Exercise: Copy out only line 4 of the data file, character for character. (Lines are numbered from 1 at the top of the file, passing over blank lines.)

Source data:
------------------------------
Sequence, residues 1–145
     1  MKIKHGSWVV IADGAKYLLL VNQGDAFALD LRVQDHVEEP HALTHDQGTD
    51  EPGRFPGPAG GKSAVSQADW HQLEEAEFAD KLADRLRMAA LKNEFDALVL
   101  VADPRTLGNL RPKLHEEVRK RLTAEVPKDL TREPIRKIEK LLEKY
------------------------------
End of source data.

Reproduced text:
   101  VADPRTLGNL RPKLHEEVRK RLTAEVPKDL TREPIRKIEK LLEKY